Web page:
What is the artwork?

As I engaged with people across the city, they each shared their unique perspectives and received an assemblage of stickers that they mounted to a button they keep.

Many have asked: What exactly is on the button, and how does it correspond to my answers?

Well, I am here to explain the artwork that makes up the 48 designs of stickers.

The first question: When did you and your family come to Boston?

The answers are visualized with photographs of Boston landmarks in sepia tone. I took the photos myself, and they include the SS Constitution, City Hall, the T, Zakim Bridge and the State House. The sepia is used to foster a sense of history, past and nostalgia. The goal of this question is to allow strangers to connect and share their family’s history.

The second question: Are you free?

Here I use solid colors—green, red and amber—to represent a traffic signal. Just as the question is direct, the visuals are designed in a straightforward way to mimic your gut reaction.

(Courtesy image)
(Courtesy image)

The third question: When do you feel free?

The imagery in this sticker is a drawing I did. The drawing has two components. One is a bar graph of the number of refugees from Turkey who landed in Greece over the course of 2017. The second part of the illustration reflects the boats and journeys taken by refugees. I chose this imagery because while researching this project, I volunteered in Lesvos, four miles from Turkey on the Aegean Sea. Not only did I want to help with the crisis, but I wanted to understand what it was like to cross a body of water and arrive in a place where you believed you were free and would have a new life. As much as this project is about Boston, it is also about journeying from somewhere, and I wanted to include that visually. These images are in cyan, magenta and yellow and black, the typical printing colors. They are bold, bright and have the most visual contrast of all the stickers—and I think that speaks to the idea that the moment when you feel free is bold and unique.

The fourth and final question: Which food symbolizes freedom?


This imagery is a silkscreen of the Freedom Trail. Whenever I started to talk about this project in the research phase, everyone in Boston mentioned the Freedom Trail, so I wanted to include it. I paired it with this question because the line of bricks is a symbol—they are not an actual trail to freedom. The walkway represents an emblematic path through historic moments where groups sought freedom, and reminds its walkers why freedom is a worthy cause. In many ways, I think the Freedom Trail is a symbol of Boston that contains history as well as hopes and aspirations for the future of a city on a continuing quest for freedom. These images are in pastels to represent a freedom trail that has been worn down, and these images are less defined, maybe even blurry, to visually reflect the loose interpretation of the content.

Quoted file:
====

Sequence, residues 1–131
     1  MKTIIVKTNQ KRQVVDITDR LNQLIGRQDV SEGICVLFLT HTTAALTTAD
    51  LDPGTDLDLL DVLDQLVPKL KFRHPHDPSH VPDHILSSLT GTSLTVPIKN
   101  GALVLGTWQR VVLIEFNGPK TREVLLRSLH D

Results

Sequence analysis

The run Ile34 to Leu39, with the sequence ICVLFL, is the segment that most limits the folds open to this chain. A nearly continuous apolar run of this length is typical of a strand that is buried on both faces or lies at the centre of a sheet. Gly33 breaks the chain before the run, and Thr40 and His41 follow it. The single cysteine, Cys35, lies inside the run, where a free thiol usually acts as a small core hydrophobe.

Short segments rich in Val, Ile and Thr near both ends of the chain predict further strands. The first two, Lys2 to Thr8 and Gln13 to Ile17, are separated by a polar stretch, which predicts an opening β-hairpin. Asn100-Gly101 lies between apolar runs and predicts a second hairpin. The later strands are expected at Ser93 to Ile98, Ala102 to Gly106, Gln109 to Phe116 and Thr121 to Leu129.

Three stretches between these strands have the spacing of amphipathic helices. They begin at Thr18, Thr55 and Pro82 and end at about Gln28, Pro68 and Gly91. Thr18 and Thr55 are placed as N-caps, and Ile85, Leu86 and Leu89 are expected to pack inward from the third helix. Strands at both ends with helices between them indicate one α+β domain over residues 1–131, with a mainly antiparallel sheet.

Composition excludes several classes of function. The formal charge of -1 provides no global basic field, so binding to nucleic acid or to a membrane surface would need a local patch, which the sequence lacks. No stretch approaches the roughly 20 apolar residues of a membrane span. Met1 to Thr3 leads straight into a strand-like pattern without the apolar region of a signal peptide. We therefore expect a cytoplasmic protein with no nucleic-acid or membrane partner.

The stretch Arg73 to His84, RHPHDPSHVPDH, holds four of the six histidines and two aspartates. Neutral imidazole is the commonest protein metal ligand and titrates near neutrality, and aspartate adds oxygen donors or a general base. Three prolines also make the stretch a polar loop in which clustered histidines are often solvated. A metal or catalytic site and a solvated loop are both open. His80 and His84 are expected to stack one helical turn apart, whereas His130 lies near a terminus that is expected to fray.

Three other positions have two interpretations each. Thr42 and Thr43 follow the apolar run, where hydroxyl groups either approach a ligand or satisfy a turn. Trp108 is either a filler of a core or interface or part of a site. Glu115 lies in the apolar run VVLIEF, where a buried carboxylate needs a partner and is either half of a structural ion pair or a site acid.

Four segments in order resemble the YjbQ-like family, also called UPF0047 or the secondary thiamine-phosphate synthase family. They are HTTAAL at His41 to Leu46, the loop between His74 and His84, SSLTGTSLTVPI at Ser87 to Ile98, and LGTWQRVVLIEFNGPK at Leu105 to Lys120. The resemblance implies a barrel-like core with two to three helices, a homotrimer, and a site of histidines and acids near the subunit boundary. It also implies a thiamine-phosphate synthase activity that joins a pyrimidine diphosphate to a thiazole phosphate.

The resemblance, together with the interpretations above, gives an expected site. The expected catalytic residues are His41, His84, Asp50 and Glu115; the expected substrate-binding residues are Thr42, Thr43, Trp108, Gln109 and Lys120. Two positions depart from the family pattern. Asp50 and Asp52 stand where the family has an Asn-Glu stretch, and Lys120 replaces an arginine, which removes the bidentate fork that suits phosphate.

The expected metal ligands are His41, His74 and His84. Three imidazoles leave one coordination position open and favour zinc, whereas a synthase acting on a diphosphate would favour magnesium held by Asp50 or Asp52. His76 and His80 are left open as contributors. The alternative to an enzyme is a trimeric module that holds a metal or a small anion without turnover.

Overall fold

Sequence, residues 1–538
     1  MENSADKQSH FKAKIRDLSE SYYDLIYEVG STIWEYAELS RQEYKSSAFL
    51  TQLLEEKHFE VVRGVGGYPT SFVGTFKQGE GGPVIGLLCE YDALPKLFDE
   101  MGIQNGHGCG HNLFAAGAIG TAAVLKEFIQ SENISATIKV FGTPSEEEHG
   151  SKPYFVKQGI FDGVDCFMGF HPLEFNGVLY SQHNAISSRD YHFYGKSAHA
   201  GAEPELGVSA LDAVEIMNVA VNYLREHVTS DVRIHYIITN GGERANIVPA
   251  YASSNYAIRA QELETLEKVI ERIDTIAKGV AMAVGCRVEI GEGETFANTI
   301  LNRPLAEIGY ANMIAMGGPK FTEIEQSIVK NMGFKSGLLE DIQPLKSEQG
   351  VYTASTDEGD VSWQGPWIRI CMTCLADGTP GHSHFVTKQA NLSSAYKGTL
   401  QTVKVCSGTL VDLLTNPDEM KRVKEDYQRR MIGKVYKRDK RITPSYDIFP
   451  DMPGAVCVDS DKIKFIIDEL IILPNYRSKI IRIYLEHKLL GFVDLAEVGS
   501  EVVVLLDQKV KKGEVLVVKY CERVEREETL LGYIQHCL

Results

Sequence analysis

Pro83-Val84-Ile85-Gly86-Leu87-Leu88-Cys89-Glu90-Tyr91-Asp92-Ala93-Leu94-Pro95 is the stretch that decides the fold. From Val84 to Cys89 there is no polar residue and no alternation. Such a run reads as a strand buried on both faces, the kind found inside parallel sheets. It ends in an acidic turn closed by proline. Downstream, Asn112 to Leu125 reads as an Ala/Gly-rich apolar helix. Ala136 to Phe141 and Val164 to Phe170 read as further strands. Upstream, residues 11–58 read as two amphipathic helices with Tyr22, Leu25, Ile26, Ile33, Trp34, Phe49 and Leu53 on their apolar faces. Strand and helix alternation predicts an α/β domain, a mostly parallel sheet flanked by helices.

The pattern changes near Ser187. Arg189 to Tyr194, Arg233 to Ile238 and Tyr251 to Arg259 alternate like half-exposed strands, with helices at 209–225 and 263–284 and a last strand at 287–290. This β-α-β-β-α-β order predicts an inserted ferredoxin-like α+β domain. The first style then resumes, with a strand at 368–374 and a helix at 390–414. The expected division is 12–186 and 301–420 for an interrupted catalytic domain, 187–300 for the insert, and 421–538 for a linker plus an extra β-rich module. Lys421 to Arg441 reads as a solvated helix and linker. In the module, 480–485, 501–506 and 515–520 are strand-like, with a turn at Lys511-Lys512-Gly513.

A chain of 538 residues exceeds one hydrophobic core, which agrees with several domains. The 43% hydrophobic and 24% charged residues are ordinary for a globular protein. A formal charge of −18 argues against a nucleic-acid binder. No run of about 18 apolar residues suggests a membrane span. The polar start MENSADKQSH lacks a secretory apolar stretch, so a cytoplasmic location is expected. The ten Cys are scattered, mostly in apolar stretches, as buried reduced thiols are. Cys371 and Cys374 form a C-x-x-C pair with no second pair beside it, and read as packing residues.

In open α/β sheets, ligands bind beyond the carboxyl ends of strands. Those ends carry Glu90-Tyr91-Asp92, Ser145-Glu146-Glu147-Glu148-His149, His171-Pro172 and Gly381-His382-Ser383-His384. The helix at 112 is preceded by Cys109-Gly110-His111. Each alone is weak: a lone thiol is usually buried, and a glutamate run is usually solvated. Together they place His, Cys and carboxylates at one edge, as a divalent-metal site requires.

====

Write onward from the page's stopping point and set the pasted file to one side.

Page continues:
In addition to the four question stickers, everyone will receive three extra stickers. One is a blue gradient, representing the terrain, from the sky to the sea, that is traveled on the journey to freedom. The second is a section of the USA VISA stamp. It represents the limits on immigration.

Finally, everyone gets a black-and-white geometric patterned sticker to reflect where they encountered me. Each of the 25 locations are different patterns. I wanted to create a distinct aesthetic from the other images. They are black and white, because where you interacted with the cart is a fact, and is likely the only hard data we are using in this project.

See, and hear, the stories come together around the Soldiers and Sailors Monument on Boston Common, displayed April 25 through May 2. Find more info here.

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